Blinding Onchocerciasis in Pader District, Northern Uganda

Watmon B, Lakwo T L, Onapa A W

Abstract


Background: Onchocerciasis is caused by a filarial nematode Onchocerca volvulus, and is transmitted by a female black fly of the genus Simulium which breeds in fast flowing rivers. In Uganda, the disease is endemic in 37 districts with clinical manifestations mainly on the skin. The long-term armed conflict in northern Uganda made research and control of onchocerciasis in the region and particularly Pader district receive little attention. There have been no attempts to establish the magnitude of the disease in the region.

Objective: To establish the magnitude and clinical manifestations of Onchocerciasis in Pader district, northern Uganda.

Methods: Twenty parishes in sub counties with Rapid Epidemiological Mapping of Onchocerciasis (REMO) nodule prevalence of 25.0% or more were randomly sampled and 675 persons consecutively enrolled in 13 parishes. The respondents underwent dermatological, parasitological and ocular examinations.

Results: A total of 675 persons were examined and of these, 318 had skin snipping and microscopy done. The prevalence of microfilaria (mf) in skin snip was 29.6% (95% CI: 24.6%-34.6%) while prevalence of nodules was 30.1% (95% CI: 3.1%-6.5%). The prevalence of microfilaria in the anterior chamber of the eye (MFAC) was 4.1% (95% CI: 2.6%-5.6%) and that of reversible ocular lesions was 4.0% (95% CI: 2.5%-5.5%). The reversible ocular lesions of onchocerciasis observed were punctate keratitis stage B (PKB, 0.1%), punctate keratitis stage D (PKD, 0.1%) and punctate keratitis stage E (PKE, 3.7%) while the irreversible ocular lesions were observed in 16.1% (95% CI: 13.3%-18.9%) of the respondents. The most important irreversible lesions were optic atrophy 6.4%, (95% CI: 3.7%-9.1%) and sclerosing keratitis, 5.2% (95% CI: 2.8%-7.6%). Visual impairment was detected in 29.2% (95% CI: 25.8%-32.6%) of the respondents and the main causes were cataracts (27.4%) and optic atrophy (21.8%). The association between irreversible lesion and visual loss (p< 0.00) and irreversible lesions and nodules (p< 0.00) were both significant.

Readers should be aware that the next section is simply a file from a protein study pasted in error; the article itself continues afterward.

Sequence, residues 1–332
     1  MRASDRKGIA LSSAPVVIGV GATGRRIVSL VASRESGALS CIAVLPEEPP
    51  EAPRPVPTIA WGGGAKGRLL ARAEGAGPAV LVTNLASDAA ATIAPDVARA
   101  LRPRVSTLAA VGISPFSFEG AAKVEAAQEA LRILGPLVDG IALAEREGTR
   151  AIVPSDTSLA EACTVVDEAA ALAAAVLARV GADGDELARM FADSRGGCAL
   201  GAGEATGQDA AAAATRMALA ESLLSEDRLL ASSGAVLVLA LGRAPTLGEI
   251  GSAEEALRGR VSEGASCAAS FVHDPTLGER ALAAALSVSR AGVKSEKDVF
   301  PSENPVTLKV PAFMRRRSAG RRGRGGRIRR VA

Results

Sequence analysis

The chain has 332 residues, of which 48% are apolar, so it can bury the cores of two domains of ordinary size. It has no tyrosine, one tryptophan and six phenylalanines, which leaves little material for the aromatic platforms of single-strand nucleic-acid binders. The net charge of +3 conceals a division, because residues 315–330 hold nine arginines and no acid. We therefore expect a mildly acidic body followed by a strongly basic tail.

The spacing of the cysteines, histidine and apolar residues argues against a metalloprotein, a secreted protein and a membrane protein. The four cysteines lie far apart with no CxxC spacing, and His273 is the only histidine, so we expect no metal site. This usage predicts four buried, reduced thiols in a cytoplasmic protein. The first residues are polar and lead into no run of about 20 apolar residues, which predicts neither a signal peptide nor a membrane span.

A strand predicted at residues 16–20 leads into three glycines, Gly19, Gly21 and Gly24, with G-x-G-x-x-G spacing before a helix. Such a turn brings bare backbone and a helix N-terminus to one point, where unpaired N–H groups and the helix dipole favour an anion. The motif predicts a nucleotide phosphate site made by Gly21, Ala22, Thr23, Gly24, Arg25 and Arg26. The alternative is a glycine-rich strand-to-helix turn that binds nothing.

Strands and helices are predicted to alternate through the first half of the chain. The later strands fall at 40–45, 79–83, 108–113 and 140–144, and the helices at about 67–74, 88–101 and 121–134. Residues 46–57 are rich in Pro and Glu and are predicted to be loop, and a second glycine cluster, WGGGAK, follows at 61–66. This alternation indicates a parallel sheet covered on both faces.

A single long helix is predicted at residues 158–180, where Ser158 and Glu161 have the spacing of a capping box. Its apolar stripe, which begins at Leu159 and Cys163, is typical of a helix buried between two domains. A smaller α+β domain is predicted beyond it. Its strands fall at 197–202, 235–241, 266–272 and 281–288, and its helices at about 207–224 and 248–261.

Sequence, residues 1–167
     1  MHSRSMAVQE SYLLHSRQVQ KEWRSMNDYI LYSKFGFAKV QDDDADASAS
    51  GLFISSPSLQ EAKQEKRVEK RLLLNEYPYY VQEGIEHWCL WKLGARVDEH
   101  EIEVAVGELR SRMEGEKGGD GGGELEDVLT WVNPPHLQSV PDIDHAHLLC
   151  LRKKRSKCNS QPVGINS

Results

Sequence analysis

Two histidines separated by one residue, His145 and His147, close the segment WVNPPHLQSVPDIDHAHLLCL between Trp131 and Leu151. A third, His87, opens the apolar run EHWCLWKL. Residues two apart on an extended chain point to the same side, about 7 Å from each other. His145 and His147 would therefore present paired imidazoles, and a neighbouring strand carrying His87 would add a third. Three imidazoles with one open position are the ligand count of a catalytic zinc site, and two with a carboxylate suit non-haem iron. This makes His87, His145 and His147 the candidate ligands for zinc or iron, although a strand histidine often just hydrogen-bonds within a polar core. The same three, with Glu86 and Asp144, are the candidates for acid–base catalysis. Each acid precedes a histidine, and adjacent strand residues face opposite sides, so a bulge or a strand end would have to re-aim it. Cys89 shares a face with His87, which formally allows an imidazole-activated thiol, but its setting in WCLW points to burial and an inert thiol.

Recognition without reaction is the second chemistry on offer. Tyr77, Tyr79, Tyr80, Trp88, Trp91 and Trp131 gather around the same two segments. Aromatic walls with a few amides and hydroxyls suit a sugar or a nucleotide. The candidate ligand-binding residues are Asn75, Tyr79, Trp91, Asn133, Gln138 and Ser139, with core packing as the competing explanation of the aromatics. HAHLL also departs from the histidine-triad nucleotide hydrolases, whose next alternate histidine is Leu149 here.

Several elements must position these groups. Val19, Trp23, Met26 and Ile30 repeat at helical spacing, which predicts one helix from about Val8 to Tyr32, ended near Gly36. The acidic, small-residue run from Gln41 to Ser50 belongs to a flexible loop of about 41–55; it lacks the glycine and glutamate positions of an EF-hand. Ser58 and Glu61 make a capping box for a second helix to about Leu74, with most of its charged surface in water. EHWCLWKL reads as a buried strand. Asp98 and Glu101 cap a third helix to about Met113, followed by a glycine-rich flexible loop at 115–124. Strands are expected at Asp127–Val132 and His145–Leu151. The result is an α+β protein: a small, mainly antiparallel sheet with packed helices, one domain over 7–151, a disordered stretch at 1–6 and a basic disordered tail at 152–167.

Conclusion: This study indicates that the onchocerciasis in Pader district is the blinding type. There is need to strengthen health education, community social mobilization and start biannual Mass Drug Administration (MDA) with Ivermectin.

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References


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